Let’s get one thing straight: you don’t boo Bob Dylan.
It seemed to be a hero’s welcome, as Dylan returned to the Newport Folk Festival in 1965, 50 years ago today. As he stepped onto the stage, the announcer boomed out: “And here he is…take him, you know him, he’s yours.” Yet, something was different. After only two verses of Maggie’s Farm, it began.
Five days previous, the poster boy of protest folk had released his new single, Like a Rolling Stone, which featured the seemingly unthinkable – electric guitars. In the mid-60s, the diehards of folk looked on at bands like The Beatles battling through Shea Stadium amidst the deafening screams with utter distain. While rock’n’roll was at it’s peak in popularity, in folk circles, the electric guitar was the universal symbol of selling out.
For them, Dylan was different. He was simply a wordsmith, geared with an acoustic guitar and a harmonica. He was theirs.
The day before, everything was going according to plan as Dylan performed three songs acoustically as a warm up for his main stage set the day after. Yet after his solo performance, he heard wind of the festival organiser’s cheap shot comments about Paul Butterfield Blues Band, a band featuring electric guitars.
Bob Dylan’s not the kind of man that you want to cross.
He gathered his band together to re-rehearse his set, with electric guitars, and for hours, late into the night they got to work. As the announcer called out “… he’s yours”, the crowd witnessed a very different kind of Dylan step onto the stage. No longer the protest poster boy, there was a rock’n’roll star wearing a leather jacket, tight jeans and playing a Stratocaster at Newport.
As the boos rang out and as Dylan “electrified one half of his audience, and electrocuted the other”, it became clear. The artist had changed. Dylan had evolved.
While the folk purists were up in arms, something shifted for Dylan as he plugged in. His uncompromising, paired back style put pressure on other bands, forcing them back to the drawing board. The Beatles would return with Rubber Soul, The Stones would have to up their game and a door was now left wide open for Hendrix, Reed and Simon to step into. This wasn’t just sticking it to a festival organiser, this was a transitional moment in music.
There’s two things that strike me as I look back 50 years.
1. Don’t settle.
Dylan could have settled with being the poster boy of the folk scene, playing the old hits and keeping the crowd happy. But that wasn’t enough. As an artist he wanted to keep moving forward, developing his craft, creating the new.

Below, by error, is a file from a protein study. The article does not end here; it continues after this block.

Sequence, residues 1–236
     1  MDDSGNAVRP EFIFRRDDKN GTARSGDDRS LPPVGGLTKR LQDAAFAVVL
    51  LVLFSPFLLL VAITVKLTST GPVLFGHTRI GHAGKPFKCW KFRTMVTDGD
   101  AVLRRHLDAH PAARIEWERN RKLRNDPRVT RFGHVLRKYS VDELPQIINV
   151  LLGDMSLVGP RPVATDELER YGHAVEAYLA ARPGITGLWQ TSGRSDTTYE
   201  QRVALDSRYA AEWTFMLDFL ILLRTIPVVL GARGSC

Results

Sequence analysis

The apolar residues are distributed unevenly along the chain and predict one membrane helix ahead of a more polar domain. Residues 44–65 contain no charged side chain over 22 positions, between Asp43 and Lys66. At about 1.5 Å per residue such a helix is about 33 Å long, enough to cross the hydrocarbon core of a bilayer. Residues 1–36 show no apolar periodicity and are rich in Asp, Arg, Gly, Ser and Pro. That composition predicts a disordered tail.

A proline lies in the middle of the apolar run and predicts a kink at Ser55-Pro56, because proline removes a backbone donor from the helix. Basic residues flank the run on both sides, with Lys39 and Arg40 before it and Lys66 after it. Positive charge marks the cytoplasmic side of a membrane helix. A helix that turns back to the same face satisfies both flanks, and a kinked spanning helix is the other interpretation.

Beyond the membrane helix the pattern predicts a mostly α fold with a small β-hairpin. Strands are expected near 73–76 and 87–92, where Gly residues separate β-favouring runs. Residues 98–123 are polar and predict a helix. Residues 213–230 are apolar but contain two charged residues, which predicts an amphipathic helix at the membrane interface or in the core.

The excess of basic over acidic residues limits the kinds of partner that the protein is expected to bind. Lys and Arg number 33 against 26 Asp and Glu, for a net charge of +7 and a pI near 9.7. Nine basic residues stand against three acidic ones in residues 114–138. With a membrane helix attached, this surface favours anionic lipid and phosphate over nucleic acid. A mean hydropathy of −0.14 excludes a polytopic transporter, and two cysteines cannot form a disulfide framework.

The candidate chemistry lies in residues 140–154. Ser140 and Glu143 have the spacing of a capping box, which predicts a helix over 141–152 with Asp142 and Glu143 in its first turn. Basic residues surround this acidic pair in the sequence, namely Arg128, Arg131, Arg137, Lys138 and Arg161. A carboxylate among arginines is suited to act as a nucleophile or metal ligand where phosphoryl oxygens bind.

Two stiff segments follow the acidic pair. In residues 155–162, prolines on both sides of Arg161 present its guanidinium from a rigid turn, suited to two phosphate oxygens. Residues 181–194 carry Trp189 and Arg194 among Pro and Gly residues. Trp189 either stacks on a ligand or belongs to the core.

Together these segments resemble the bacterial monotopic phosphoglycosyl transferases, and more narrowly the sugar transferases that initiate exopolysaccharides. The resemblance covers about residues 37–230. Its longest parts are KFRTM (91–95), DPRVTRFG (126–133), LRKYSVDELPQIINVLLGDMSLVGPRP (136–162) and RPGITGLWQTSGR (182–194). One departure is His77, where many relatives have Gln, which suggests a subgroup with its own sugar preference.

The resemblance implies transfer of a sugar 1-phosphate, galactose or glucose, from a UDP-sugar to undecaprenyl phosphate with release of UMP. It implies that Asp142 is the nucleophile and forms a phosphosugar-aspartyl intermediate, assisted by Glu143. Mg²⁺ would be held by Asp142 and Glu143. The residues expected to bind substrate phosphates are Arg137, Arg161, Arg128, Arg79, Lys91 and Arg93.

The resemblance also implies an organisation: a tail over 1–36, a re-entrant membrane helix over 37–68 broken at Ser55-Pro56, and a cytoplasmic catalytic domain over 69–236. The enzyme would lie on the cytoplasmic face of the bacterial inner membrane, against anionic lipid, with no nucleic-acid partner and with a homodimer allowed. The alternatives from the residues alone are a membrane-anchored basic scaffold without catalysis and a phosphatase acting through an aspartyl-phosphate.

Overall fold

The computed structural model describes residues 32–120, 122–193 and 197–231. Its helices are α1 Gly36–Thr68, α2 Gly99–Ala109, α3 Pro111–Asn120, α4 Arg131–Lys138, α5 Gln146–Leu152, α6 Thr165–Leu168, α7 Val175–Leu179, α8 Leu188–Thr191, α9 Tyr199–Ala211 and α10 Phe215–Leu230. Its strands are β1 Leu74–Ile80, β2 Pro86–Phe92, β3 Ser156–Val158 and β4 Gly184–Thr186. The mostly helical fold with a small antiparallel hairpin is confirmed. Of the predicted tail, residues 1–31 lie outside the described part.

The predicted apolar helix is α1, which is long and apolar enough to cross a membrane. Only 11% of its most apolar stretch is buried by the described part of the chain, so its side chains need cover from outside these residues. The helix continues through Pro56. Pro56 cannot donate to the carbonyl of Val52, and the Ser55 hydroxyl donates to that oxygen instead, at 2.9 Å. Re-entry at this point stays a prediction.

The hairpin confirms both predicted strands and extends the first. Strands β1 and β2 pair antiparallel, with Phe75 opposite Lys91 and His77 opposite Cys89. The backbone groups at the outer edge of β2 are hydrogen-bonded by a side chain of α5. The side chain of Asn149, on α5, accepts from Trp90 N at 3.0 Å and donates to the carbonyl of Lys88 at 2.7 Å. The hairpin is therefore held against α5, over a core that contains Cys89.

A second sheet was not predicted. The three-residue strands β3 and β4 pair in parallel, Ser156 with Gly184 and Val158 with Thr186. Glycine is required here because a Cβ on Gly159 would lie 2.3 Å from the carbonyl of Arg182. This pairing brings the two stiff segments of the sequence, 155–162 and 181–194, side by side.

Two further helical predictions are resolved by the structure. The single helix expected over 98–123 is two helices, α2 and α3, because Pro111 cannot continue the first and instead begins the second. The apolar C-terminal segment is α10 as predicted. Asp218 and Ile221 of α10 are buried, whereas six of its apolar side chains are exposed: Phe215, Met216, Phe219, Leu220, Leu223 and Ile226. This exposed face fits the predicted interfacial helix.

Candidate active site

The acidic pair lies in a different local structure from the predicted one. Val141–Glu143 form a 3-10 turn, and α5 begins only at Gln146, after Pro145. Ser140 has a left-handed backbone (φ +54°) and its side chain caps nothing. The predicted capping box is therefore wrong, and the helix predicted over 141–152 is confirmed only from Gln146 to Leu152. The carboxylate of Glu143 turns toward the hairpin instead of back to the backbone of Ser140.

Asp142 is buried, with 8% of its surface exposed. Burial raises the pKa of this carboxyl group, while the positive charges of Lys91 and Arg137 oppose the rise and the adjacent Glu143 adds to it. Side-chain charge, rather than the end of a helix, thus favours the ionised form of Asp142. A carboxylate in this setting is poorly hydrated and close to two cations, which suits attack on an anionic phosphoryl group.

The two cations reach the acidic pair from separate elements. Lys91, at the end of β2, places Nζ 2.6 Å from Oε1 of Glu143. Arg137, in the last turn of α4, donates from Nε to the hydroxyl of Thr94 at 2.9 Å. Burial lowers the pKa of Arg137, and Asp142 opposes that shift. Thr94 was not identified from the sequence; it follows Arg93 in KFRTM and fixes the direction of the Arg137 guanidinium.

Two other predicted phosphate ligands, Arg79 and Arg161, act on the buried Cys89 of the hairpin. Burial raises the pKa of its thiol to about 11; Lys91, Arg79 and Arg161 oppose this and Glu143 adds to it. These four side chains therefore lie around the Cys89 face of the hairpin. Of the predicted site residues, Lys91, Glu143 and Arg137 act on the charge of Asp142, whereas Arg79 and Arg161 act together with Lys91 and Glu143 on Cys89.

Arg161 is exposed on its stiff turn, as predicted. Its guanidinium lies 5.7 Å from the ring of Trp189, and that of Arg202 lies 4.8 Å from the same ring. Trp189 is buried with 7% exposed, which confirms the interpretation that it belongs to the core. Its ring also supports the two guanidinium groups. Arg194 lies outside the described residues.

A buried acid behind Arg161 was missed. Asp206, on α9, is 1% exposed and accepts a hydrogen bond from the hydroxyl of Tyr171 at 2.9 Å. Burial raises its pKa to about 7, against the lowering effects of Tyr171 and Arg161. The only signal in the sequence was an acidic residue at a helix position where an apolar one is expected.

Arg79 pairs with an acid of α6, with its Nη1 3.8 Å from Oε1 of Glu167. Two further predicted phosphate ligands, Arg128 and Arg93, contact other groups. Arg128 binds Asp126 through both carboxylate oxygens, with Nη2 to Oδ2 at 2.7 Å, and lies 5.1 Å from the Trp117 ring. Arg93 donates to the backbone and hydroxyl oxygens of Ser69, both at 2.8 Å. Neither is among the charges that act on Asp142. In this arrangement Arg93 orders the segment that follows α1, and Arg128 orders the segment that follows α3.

There is value in not settling.
As we continue to walk through our 20s and 30s, learning and relearning the purposes of God in our lives, it’s vital that we don’t settle. Following the footprints of Christ, we must continue to take risks, keep learning, developing our strengths and grabbing hold of new opportunities that lead to growth and maturity. Our unsettling will not only allow space for us to step into the new, it will also serve those around us as we continue to courageously follow Christ in the love of God and love of neighbour.
2. Remain true.
The crowd at Newport expected a folk singer, yet discovered an artist in a leather jacket. Their expectations of Dylan were shattered and the boos rang loud. In the midst of it all, he remained true to himself and trusted his gut.
People will have expectations that they place on us. That’s a neutral reality.
The difficulty comes, however, when we allow people’s expectations to define us, creating a playing field which is smaller than the boundaries of our truest purposes. Despite expectations, we must stay true to ourselves, even if we hear the faint sound of booing in the background.
Peter Scazzero puts it well: “Living your God-given life involves remaining faithful to your true self. It involves distinguishing your true self from the demands and voices around you and discerning the unique vision, calling and mission the Father has given you. It requires listening to God from within yourself.”
While you may be ‘theirs’ to some people, you are more than peoples’ expectations of you. Above all else, you are His.
After the final chord of Maggie’s Farm was played that night 50 years ago, the booing erupted.
People didn’t get it.
Dylan didn’t react. He turns to his lead (electric) guitarist and appears to utter the words: “You ready?”
Unwilling to settle, remaining true to himself, Dylan defiantly plays his Stratocaster and sings out: “Once upon a time you dressed so fine …”